Over at Nothing in Biology Makes Sense, newly-minted PhD evolutionary biologist David Hembry reflects on the biggest changes in evolutionary biology and ecology since 2005. It’s a thoughtful piece, reflecting on some less-noted aspects of widely-noted trends. For instance, it’s not just the increasing availability of sequence data that makes synthesis and reanalysis of other people’s sequence data attractive, it’s also the fact that it’s cheap to do (particularly important in an era of rising fuel costs and increasing competition for funds). The same could be said of any database-based work, really, and also of theoretical work and laboratory microcosm work. It will be interesting to see how patterns of training, hiring, and publication shift in decades to come*, and if there aren’t frequency-dependent forces that will limit how far these directional trends can go (At some point, will really good field skills become highly prized precisely because of their scarcity, while good bioinformaticists/meta-analysts/theoreticians/programmers/etc. will be a dime a dozen?)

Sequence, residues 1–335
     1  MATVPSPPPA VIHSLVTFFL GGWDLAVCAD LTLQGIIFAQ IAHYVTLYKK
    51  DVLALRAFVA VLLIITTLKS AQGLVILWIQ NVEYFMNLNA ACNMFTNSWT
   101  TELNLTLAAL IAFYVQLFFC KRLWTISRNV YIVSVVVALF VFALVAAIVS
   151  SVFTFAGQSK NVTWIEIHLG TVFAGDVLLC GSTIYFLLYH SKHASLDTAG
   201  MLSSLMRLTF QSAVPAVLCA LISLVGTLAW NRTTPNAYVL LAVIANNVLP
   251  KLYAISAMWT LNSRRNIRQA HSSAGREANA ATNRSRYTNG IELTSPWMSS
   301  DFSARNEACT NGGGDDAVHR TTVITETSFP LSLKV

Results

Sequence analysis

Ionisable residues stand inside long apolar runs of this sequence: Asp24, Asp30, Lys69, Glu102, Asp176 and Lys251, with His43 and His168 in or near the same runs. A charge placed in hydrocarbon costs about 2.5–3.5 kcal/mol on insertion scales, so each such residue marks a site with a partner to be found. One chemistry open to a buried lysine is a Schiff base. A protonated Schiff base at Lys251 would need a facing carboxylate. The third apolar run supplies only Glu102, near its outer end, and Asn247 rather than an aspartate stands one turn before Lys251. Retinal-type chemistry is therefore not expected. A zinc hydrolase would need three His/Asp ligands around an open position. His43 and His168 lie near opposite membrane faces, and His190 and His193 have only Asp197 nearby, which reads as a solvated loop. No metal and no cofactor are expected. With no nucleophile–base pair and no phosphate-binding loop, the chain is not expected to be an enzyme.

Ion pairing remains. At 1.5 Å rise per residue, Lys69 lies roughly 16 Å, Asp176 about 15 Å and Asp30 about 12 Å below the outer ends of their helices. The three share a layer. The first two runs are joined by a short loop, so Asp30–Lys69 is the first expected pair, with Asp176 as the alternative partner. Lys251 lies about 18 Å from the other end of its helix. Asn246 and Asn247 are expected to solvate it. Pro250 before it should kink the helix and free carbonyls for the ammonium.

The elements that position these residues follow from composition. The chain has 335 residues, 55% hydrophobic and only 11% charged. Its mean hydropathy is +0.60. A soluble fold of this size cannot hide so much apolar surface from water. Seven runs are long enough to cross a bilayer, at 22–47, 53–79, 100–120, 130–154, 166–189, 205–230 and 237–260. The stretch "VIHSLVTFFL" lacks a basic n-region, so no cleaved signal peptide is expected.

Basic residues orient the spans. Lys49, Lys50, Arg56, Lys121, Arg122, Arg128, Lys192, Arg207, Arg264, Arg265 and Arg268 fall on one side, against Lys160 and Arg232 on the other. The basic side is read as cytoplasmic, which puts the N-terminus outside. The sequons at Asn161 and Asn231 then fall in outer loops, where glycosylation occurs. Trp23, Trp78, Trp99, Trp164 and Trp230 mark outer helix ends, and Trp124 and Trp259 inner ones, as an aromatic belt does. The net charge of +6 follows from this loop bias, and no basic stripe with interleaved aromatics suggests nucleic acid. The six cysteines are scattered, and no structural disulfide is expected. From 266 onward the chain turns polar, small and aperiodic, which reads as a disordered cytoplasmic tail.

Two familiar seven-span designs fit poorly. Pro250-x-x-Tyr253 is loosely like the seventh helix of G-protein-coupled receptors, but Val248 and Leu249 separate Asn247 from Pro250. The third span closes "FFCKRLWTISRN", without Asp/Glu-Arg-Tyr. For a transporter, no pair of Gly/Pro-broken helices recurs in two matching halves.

David also identifies some less-noted trends, such as the increasing focus of evolutionary biologists on “field model organisms” like sticklebacks and anoles, and how this poses problems of system choice for grad students who want to go on to academia. Do you choose the same model system as everyone else, thereby making it easier to ask big questions (after all, there are good reasons why sticklebacks and anoles are model systems!), but harder to stand out from the crowd? Or do you choose the road less traveled, which might make it harder to address big questions but also really impress people if you succeed? (sounds a bit like the handicap principle…)
Anyway, click through and read the whole thing.